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Tell Tale
If you are a fan of the short stories of author Edgar Allen Poe or even an aficionado of the cinematic interpretations of some of his greatest works (movie thrillers often starring Vincent Price like The Pit and The Pendulum and The Tell-Tale Heart, to name a few), then you definitely have to pick up this chilling re-imagining of Poe's most well-known, timeless short story on Blu-ray and DVD. Filmmakers and real-life siblings Ridley Scott (Aliens) and Tony Scott (Pelham 123), along with director Michael Cuesta, offer movie-lovers an even more chilling and heart-pounding celluloid adaptation of the classic Edgar Allan Poe story The Tell-Tale Heart. In his updated adaptation – featuring riveting performances from an all-star cast that includes Josh Lucas (Poseidon, Glory Road), Lena Headey (300, Terminator: The Sarah Connor Chronicles) and Brian Cox (The Escapist, Fantastic Mr. Fox). Tell Tale follows the story of a hardworking, single father (Lucas) – with a new lease on life – he is recovering from a heart transplant and has met a beautiful new woman (Headley). But things begin to go awry when Terry becomes haunted by his own heartbeat and realizes that he must delve into the shocking death of his donor who saved his live, which leads him on a frantic search to find the donor's killer before a similar fate befalls him. As the pieces of the puzzle begin falling into place, his life begins to unravel. Desperate to protect the ones closest to him – and his own sanity – Terry listens to the warnings coming from within, and he embarks on a gripping quest to learn the secrets of the dead. Tell Tale is a gritty and intense psychological thriller that will definately grab ahold of your heart.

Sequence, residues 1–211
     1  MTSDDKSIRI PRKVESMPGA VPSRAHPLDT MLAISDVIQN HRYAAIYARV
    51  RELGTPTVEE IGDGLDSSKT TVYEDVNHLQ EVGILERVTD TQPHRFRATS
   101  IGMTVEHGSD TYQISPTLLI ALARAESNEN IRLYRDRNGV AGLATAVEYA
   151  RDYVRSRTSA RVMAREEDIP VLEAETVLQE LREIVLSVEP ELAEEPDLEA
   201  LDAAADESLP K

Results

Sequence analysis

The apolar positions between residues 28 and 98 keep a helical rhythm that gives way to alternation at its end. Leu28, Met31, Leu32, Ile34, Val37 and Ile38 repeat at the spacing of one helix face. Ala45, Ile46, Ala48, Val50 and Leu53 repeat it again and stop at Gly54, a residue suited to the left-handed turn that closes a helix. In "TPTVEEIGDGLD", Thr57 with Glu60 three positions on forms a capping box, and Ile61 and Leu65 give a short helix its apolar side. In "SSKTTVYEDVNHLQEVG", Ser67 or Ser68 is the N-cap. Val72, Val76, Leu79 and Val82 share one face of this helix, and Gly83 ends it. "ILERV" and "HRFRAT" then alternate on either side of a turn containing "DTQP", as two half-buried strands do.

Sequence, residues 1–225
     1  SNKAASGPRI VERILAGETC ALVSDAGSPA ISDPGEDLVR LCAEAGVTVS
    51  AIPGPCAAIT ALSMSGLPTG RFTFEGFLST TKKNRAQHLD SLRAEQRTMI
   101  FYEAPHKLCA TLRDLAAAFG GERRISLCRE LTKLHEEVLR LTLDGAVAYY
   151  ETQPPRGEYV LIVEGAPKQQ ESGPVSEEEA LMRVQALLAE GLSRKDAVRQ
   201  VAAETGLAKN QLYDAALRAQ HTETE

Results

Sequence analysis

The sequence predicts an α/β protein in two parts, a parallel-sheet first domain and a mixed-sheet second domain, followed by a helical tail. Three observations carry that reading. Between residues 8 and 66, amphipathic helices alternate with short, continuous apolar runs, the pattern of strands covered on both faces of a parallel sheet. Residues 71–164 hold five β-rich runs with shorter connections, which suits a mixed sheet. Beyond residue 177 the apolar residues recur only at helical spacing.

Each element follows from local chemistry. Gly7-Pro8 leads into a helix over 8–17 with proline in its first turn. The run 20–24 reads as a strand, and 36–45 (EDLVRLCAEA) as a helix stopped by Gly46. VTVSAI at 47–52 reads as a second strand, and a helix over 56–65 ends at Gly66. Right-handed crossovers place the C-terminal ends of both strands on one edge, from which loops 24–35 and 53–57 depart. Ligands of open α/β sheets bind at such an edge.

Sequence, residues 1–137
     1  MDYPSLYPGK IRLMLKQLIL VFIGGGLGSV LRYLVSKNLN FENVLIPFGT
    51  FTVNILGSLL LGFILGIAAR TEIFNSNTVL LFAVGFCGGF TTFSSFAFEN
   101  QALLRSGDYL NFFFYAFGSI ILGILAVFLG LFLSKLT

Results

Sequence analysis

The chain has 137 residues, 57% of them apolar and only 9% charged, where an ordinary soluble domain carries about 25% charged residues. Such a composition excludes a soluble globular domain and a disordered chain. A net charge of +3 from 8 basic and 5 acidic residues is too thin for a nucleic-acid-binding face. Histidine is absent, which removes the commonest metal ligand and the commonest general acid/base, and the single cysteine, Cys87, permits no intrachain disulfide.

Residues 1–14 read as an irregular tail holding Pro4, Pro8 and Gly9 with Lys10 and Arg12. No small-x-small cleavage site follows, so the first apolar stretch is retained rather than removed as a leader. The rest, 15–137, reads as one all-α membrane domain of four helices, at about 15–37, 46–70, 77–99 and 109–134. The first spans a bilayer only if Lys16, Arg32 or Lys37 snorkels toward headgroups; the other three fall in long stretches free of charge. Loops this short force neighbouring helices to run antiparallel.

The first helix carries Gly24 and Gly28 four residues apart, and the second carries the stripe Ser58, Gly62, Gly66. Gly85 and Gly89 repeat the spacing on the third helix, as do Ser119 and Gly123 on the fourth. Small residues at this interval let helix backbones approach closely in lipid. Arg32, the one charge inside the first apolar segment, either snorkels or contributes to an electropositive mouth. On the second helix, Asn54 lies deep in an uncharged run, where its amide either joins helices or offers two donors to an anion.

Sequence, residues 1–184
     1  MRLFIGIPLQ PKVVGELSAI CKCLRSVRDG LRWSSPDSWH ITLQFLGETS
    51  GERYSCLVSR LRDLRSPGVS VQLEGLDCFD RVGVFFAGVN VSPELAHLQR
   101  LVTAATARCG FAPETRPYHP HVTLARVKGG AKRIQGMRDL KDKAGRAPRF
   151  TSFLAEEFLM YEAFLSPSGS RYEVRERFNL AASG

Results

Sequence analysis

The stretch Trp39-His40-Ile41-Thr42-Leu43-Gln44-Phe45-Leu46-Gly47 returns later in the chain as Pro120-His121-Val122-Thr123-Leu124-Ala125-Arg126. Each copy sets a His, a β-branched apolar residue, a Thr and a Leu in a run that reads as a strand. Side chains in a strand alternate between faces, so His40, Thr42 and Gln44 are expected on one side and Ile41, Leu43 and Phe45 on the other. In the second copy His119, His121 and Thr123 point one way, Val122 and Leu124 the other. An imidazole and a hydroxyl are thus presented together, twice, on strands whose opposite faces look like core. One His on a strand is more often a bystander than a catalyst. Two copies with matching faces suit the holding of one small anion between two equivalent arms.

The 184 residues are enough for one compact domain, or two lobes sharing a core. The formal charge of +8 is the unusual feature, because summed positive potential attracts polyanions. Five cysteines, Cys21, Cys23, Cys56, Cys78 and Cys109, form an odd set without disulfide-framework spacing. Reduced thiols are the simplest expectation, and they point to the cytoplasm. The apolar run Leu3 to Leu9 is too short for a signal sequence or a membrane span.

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Paramount
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Leverage - The Complete Second Season